Launched in 2008, Convergences is a platform for learning and exchange in Europe, aiming to build new convergences between public, private, and solidarity-based actors for the promotion of the Millennium Development Goals and the alleviation of poverty and privation in developed and developing countries.

Convergences organizes large-scale gatherings–the World Forums–to debate ideas, advocate for economic alternatives, and frame innovative solutions. The next Convergences World Forum will take place September 7-9, 2015 in Paris and should gather more than 7,000 participants from all sectors to discuss the new international commitments for development agreed to in 2015.

Solar loans for poor people in Tanzania and Uganda

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Social entrepreneurs in Tanzania and Uganda are innovating in the field of green energy. Read this blog post from Truelift to learn about Tujijenge Afrika, who spoke about their solar loan projects at the Convergences Global Forum last week. (And see this interview with Michaël Knaute, special advisor & board member of Convergences, that we posted last week).

2013Summit-banner_nologosAt the 2013 Partnerships against Poverty Summit that we’re co-hosting in just 2 weeks, we will be offering a workshop called “Microfinance Goes Green: Energy Inclusion to Help Alleviate Poverty.” Sebastian Groh (MicroEnergy International, MEI) is organizing this workshop, and it will include speakers Allan Sicat (MCPI), Francesca Randazzo (ADA), Wonjin Seol (ADB), Minh Cuong Le Quan (Prakti Design), and Camilla Hall (special advisor to Dr. Ashok Khosla).

Learn more about the “Going Green” workshop here: http://bit.ly/PaPGoingGreen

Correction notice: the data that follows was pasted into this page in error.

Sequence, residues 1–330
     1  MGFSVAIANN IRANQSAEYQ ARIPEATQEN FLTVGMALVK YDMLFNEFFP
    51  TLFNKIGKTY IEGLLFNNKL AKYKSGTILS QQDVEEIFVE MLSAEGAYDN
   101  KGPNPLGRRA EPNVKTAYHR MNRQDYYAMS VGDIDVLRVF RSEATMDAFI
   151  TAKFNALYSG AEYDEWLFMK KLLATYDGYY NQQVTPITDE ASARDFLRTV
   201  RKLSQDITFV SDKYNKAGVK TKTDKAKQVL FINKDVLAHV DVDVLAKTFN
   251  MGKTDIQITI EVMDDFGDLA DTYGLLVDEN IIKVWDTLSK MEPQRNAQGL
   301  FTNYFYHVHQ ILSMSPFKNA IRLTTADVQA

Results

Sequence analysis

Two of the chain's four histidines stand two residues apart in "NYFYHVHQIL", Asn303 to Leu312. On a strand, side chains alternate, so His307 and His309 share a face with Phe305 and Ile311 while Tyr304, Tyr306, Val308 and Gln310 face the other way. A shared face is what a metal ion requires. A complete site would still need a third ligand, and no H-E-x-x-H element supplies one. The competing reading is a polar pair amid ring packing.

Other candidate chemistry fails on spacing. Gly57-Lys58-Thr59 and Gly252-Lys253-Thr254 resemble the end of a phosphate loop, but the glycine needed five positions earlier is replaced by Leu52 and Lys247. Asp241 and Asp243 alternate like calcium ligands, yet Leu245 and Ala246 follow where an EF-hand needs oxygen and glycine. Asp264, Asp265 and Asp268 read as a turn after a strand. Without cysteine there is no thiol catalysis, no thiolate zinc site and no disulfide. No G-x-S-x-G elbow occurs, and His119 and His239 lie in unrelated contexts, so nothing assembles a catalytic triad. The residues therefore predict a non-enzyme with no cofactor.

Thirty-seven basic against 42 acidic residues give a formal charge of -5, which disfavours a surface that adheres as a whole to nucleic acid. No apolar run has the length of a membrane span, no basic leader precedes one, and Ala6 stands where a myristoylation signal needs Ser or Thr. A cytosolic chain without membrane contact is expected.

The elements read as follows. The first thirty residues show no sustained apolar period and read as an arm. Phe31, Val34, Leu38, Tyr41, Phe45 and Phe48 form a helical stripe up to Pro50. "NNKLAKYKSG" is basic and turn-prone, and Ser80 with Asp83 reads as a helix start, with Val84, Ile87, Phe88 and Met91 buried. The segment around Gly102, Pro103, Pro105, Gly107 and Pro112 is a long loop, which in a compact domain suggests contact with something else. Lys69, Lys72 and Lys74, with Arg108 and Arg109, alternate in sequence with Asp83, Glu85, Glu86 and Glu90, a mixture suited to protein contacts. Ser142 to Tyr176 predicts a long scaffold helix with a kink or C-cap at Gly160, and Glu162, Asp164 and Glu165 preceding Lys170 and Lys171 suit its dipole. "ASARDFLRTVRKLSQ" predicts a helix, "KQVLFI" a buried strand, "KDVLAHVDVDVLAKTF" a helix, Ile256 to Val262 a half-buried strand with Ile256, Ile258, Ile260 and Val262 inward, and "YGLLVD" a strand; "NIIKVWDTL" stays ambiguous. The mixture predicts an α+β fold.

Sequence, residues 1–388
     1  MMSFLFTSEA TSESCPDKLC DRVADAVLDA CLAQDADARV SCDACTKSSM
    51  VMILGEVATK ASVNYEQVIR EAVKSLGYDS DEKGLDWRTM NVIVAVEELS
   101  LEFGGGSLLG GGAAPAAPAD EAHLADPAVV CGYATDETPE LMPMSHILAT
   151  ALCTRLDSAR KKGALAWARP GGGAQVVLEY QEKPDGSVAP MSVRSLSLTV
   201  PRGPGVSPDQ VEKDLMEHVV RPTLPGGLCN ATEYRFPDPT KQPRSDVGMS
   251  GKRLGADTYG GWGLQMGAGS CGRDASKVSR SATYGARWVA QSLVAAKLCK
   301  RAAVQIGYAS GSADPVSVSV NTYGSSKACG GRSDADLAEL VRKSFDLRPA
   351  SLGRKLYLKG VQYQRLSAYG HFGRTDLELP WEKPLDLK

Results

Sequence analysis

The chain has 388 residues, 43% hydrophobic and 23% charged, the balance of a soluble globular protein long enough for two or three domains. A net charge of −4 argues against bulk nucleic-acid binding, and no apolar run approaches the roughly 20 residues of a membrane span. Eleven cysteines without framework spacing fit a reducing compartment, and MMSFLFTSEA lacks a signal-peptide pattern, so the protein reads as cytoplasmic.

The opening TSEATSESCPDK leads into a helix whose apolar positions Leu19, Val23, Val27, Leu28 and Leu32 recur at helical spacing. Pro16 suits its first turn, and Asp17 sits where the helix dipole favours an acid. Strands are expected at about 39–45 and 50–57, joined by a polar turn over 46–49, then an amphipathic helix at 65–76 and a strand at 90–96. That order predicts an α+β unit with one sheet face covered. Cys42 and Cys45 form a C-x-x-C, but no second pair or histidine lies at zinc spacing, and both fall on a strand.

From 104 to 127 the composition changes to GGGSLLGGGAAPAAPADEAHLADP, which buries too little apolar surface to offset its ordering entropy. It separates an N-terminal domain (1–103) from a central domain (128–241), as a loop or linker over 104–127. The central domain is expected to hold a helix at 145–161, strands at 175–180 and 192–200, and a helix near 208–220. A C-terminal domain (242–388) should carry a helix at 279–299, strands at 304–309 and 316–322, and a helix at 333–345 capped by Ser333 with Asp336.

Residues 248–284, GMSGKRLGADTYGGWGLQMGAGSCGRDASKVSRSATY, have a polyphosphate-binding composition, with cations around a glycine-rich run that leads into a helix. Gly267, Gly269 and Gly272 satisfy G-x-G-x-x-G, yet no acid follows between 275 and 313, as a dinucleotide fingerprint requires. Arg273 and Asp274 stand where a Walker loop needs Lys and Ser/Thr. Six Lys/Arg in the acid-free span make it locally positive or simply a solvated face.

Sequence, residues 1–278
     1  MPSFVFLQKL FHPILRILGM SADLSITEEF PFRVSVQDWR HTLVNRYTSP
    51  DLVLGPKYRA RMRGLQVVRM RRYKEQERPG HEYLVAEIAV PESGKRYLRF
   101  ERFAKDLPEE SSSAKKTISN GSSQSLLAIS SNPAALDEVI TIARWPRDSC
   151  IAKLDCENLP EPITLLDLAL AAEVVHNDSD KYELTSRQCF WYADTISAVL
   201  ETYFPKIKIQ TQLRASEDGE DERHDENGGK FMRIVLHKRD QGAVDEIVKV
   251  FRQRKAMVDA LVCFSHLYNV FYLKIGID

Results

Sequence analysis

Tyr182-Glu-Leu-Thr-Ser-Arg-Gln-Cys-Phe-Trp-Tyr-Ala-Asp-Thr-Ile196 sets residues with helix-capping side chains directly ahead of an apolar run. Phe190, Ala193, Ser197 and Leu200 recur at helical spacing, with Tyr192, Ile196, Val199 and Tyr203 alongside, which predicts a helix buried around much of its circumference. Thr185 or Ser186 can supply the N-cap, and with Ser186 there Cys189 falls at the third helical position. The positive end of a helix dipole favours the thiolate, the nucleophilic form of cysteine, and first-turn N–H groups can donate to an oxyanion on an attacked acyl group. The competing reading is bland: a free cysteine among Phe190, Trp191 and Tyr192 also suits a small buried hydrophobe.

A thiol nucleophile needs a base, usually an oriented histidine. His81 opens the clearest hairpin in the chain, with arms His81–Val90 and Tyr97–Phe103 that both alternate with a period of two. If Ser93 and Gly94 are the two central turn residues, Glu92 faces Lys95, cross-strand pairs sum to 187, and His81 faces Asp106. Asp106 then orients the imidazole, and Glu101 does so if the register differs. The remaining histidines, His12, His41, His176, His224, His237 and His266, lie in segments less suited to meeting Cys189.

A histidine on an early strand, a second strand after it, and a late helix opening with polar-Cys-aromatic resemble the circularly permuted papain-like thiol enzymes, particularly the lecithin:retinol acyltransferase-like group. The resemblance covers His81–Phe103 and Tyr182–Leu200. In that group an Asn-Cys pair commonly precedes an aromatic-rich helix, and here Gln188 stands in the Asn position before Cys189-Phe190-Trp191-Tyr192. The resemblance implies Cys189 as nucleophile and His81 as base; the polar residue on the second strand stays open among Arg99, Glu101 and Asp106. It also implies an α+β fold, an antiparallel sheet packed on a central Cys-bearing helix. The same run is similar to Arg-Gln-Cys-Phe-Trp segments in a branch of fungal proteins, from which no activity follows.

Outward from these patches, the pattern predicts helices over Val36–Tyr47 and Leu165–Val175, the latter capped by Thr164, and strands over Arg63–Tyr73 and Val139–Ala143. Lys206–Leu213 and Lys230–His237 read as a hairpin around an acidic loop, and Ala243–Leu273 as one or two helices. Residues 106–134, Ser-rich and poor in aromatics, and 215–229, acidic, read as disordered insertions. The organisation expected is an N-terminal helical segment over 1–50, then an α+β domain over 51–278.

Register for the 2013 Summit today! http://bit.ly/Summitreg

Volunteer for a FREE registration to the Summit! We understand that the Summit fees can be costly. We hope to make the opportunity to attend as widely available as possible, so we are re-opening the volunteer application process. You can save as much as $650 on your registration fee by applying to be a volunteer at the Summit.

If you are interested in volunteering, please fill out this online form today!


At this year’s Convergences Global Forum, Tujijenge Afrika executive director, Felistas Coutinho, discussed their solar loan projects in Tanzania and Uganda. Since 2006, Coutinho has been developing and refining the loan programs, with 1,577 clients served in the first year alone.

These projects demonstrate a successful model for product development that meets the needs of poor people through partnership and perseverance. Below are some of highlights, including challenges faced and lessons learned, as presented by Coutinho at the Global Forum.

The need:
Why are solar lanterns needed in Tanzania and Uganda? Especially in in rural areas, some benefits of solar lanterns for people living poverty are listed below:

  • Increased productivity due to availability of light in the evening
  • Children are able to study in the evenings
  • Solar lanterns offer clean, healthier light than other alternatives
  • Less expensive than other alternatives by at least 25%
  • Access to electricity fills the phone…